Today makes two full months since I started a fabulous new job that allows me to work from home full time. The company is largely a remote-based working environment, so it’s not like an office based role where I can work remotely once in a while “at management’s discretion”. It’s pretty much based at home all day, every day. Believe me, there’s a big difference.
When I tell people about my working arrangements, the usual response is “you must be living the dream” and, to be honest, I do feel like I am a bit as my working arrangements are very convenient for my partner and I. However, two months in, I do feel like every day is a learning curve and I thought I’d share some of the things I’ve learnt with those who also wish to work from home full time.
You have to be disciplined
It goes without saying, organisation is the key to success when it comes to working remotely. Each day needs to be meticulously planned and have structure and purpose. It’s so easy to get carried away, lost in your own trail of thoughts, caught up checking social media or just not working at a fast enough pace, especially when you are used to the structure of an office working environment.
I generally pride myself as somebody who is organised, but my discipline has really been put to the test (and failed a couple of times) when it comes to time management and organisation of my day. It’s no biggie, who doesn’t slip up once in a while? The important thing is to find your feet, work out which routine works best for you and, most importantly, stick to it consistently.
Working remotely full time is not for the faint hearted. It’s for the organised, the focused, the disciplined results based worker. If that’s not you, then working from home isn’t for you either, buddy.
Communication is key
If you are engaged in work of a collaborative nature, it can be much more difficult for you to form relationship with clients, colleagues and department members without being physically present. Small things like, swinging around in your chair and asking someone if they know where XYZ document is saved, has a potential to make an impact on the smoothness of your work flow.
It can also become easier to get overwhelmed. In an office setting, it’s clear for colleagues to see when you have a busier working day than others, for example your headphones might be in, they may see you engaging in a higher amount of calls on a particular day, or you may even mention it in passing in whilst conversing casually. [Considerate] colleagues usually use this to gauge if they can approach you for certain queries or grab you for a quick meeting or ask for advice. In a home setting, you don’t have the luxury of visibility, therefore it can become easy to become swamped in your workload or feel as though you’re disconnected with what’s going on. If ever you feel like that, it’s always best to speak up, let the appropriate people know that you may need a moment to prioritise your tasks and, of course consult management or colleagues for advice or a hand if you need it.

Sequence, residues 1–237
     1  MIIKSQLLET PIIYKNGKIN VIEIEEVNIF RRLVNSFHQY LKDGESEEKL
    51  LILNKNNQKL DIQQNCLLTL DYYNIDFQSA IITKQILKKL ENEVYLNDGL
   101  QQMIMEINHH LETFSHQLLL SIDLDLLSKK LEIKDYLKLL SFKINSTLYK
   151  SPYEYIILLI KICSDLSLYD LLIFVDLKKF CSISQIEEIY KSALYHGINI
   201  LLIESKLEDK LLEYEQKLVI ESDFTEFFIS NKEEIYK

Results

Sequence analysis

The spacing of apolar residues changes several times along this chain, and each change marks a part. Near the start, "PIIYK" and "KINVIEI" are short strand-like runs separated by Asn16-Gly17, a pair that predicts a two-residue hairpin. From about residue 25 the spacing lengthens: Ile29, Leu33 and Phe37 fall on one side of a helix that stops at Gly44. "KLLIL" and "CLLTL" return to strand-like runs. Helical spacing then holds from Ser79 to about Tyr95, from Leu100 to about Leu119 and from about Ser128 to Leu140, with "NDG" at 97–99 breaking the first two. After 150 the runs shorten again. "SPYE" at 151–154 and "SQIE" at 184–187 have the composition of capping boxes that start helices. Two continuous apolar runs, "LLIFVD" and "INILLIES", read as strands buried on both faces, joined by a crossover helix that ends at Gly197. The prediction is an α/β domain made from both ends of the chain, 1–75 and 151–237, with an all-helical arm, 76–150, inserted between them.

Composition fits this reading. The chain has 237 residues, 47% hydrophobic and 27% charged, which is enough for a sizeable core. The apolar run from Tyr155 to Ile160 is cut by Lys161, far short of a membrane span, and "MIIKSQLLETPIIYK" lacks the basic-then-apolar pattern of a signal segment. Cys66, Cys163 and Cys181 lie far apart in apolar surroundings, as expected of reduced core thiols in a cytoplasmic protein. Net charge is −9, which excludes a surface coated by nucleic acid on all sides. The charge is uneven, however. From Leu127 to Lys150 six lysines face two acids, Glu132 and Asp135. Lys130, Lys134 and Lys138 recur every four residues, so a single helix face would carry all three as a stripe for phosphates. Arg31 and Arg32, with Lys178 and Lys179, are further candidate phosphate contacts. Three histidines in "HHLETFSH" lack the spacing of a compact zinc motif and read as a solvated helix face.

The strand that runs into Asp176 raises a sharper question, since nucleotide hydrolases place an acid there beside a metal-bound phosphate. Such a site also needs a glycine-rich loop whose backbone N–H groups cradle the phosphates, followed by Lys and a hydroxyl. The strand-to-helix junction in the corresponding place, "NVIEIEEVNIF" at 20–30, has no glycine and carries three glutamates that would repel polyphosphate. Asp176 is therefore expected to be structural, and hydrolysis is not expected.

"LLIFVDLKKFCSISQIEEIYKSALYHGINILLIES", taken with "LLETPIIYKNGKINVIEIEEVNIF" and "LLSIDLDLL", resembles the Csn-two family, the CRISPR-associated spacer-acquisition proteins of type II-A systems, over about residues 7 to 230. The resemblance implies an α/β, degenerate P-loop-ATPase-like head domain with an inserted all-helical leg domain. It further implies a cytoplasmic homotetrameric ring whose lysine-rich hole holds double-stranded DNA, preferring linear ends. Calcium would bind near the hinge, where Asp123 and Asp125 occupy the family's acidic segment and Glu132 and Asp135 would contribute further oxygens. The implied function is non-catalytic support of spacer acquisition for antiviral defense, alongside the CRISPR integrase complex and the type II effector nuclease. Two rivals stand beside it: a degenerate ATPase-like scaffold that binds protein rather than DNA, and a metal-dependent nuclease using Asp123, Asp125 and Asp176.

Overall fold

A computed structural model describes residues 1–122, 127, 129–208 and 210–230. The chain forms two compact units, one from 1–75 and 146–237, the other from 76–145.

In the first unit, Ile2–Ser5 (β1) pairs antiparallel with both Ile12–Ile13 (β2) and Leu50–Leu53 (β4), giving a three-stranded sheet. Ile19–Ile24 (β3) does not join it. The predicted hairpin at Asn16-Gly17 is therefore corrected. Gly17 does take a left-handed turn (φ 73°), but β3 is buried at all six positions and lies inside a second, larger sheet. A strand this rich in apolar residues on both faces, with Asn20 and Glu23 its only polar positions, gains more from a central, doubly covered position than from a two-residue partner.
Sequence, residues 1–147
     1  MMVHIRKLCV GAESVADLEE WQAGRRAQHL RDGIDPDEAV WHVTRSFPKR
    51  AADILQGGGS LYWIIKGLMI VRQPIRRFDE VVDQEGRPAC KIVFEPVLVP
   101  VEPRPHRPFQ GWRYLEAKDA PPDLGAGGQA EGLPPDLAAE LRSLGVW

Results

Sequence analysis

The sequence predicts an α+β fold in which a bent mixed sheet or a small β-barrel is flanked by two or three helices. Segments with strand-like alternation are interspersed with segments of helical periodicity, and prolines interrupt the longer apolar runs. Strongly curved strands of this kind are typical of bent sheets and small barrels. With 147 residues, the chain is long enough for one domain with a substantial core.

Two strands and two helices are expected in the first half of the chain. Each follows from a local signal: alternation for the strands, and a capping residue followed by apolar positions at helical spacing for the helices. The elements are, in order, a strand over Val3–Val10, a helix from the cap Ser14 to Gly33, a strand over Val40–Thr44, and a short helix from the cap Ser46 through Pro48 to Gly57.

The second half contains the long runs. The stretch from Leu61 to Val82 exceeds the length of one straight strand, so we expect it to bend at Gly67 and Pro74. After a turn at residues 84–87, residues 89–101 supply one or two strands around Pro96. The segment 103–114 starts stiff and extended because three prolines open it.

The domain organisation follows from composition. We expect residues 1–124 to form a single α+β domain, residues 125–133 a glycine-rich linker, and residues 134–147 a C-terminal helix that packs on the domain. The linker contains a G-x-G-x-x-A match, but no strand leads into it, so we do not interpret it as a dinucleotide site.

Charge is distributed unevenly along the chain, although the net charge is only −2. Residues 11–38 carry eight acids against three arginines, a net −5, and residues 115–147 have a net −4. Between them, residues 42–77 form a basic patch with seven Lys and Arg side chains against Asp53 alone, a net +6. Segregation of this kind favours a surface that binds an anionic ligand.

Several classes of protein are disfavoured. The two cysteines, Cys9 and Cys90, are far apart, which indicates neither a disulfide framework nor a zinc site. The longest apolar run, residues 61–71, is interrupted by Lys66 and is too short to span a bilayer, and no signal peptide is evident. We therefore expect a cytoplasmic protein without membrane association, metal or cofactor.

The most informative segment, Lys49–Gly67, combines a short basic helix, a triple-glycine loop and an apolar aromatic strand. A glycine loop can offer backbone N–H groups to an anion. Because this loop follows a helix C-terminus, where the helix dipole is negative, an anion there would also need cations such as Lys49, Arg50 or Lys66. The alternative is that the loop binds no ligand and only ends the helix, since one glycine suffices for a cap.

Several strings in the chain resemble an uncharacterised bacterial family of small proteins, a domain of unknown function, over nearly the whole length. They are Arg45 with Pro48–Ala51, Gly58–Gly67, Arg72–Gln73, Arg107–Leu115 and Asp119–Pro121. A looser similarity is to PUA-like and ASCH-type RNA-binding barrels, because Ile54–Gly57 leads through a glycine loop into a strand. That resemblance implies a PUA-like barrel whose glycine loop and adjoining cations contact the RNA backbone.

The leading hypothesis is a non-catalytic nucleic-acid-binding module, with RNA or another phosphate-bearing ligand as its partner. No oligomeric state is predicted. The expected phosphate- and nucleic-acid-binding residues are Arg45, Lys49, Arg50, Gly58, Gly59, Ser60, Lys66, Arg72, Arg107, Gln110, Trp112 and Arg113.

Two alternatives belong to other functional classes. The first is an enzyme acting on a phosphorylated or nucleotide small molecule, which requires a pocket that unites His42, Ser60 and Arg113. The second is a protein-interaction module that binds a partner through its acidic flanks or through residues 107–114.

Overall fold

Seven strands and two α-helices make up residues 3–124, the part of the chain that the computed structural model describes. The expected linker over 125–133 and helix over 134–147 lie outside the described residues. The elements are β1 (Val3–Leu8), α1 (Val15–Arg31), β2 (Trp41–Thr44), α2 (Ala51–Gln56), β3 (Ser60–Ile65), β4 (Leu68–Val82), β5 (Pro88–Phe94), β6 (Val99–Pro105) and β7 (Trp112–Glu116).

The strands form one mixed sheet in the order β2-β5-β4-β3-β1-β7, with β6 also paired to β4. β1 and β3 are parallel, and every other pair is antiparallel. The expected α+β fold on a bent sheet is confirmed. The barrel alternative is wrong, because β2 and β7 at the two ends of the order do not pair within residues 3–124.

You can do things that you were not able to do before
This is probably my favourite part of working remotely. There are so many things that we get robbed from, when we work in an office environment. For the first time probably since childhood, I am able to enjoy a nutritious home cooked breakfast, lunch and dinner every day. When I feel a headache coming on, I’m able to stand on the balcony of my penthouse, and feel the wind blowing through my headscarf for a few moments. My days are no longer caffeine fuelled. I can actually walk away from my laptop at lunch and catch up on an episode (or two) of a series I’ve been watching, then pick back up like nothing happened. I can get up early and decide, I want to start work earlier, go through a few things for an hour or so, so that I’m well prepared for the day ahead, without having to wake up at 5am to get in the office early enough to get some quiet time. And, best of all, I’m in control of my own heating and aircon.
You can make use of the different working areas in your home/surroundings
It is vital to still have a dedicated work station when working remotely. Some people are ok with just working from their dining table or kitchen desk, which, for me is more of a short term solution that I avoid if I can. I have my own little space, equipped with my own printer, two screens, filing storage, stationary and even a small white board. I think it’s more of a psychological thing rather than anything else, but it definitely helps me get in “the zone”.
Having said that, there are a few times where I feel restricted by my workspace. My desk is facing a wall (not ideal) and long hours on my desk chair can sometimes leave me feeling uninspired and a little bit “blah”.
On these occasions, working remotely allows me the flexibility to go and work in a cafe for a few hours, or jump on my sofa and sit in a more relaxed position if I’m reading or reviewing something complex. The change in environment can have a positive impact on my output, and being in control of that does feel somewhat empowering
Flexible working is the most cost-effective, efficient, enjoyable and progressive working environment in my opinion. It encourages employers to build trust with their employees and work towards results based output rather than presenteeism. The notion that millennials want to work from home so they can skive off and play XBOX or whatever is massively outdated, and what these old school employers don’t understand is that you can actually skive whilst being at your desk, on your seat, facing your computer screen. Unless your work has to be customer or patient facing, all employers should try to incorporate at least some forms of remote working in each person’s role.